The United States on Wednesday hailed the start of the first free presidential election in Egypt as a "very important milestone" in the country's transition to democracy.
State Department spokeswoman Victoria Nuland called the event "historic" and "stunning" with 12 candidates competing to succeed president Hosni Mubarak who was ousted by popular protests in February last year.
"I don't know if you've seen the ballot. It's really quite stunning. It's about this long with many, many candidates," Nuland told reporters.
"Today does mark the start of a first round of Egypt's historic presidential elections. It's a very important milestone for Egypt's transition. Egyptians are voting. And we look forward to the outcome.
Nuland said there was an expectation that the two-day election could be followed by a run-off.
The spokeswoman expected the Supreme Council of the Armed Forces, which has been running the country since the overthrow of Mubarak, will cede power to whoever wins the elections.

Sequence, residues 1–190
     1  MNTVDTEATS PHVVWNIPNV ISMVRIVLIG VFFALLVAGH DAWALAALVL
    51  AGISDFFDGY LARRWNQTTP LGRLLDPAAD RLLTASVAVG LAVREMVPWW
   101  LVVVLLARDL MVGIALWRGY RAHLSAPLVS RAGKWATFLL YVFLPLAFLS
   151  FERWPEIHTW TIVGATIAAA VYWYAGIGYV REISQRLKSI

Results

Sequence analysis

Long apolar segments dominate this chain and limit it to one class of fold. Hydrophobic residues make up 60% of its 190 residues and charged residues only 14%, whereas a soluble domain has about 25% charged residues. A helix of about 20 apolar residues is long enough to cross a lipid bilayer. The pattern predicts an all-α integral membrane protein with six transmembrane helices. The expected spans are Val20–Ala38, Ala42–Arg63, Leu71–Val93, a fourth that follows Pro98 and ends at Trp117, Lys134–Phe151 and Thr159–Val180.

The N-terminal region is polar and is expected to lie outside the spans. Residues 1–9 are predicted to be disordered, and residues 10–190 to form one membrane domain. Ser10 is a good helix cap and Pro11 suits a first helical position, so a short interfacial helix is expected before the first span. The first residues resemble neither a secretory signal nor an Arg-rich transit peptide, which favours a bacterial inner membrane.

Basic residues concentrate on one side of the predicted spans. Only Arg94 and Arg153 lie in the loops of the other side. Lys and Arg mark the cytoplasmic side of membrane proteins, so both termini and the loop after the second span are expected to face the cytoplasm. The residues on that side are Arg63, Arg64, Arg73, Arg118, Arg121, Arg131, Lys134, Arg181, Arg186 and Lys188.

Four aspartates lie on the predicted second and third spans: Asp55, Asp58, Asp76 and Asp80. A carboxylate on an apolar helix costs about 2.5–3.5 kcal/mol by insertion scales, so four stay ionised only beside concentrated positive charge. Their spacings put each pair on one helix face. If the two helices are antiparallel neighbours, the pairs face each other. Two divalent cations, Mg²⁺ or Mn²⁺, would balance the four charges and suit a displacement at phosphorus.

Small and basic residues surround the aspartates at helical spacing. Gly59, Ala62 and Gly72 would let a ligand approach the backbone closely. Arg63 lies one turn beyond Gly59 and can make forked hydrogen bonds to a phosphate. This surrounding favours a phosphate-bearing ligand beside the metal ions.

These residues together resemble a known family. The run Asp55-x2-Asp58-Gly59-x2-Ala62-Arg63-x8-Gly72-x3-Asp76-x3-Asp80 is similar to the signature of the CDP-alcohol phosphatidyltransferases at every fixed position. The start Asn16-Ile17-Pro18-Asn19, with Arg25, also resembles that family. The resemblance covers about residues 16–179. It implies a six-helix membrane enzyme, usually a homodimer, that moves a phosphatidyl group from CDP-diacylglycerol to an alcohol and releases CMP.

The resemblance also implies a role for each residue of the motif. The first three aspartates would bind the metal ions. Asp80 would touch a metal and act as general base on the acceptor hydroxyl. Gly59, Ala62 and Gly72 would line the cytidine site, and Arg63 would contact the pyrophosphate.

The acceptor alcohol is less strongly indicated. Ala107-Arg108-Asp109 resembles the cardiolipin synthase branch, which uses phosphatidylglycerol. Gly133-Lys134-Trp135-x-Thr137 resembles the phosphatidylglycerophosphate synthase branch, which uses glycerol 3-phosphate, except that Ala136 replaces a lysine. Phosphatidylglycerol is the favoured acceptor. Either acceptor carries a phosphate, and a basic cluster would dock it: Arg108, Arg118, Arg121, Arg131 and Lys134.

"I don't have a crystal ball, but they've said that they will turn over power to a civilian elected president. That is our expectation, that they will keep their word in that regard," she said.
Islamists and secularists were vying for power with competing visions of an Egypt liberated of Mubarak's iron grip.
Leading contenders include former foreign minister and Arab League chief Amr Mussa, who is seen as an experienced politician and diplomat but like Ahmed Shafiq, Mubarak's last prime minister, is accused of belonging to the old regime
The powerful Muslim Brotherhood's candidate Mohammed Morsi faces competition from Abdel Moneim Abul Fotouh, a former member of the Islamist movement who portrays himself as a consensus choice with a wide range of support.
Turnout appeared lower than the parliamentary elections held between November and January that brought Islamists to the forefront of politics with a big legislative win.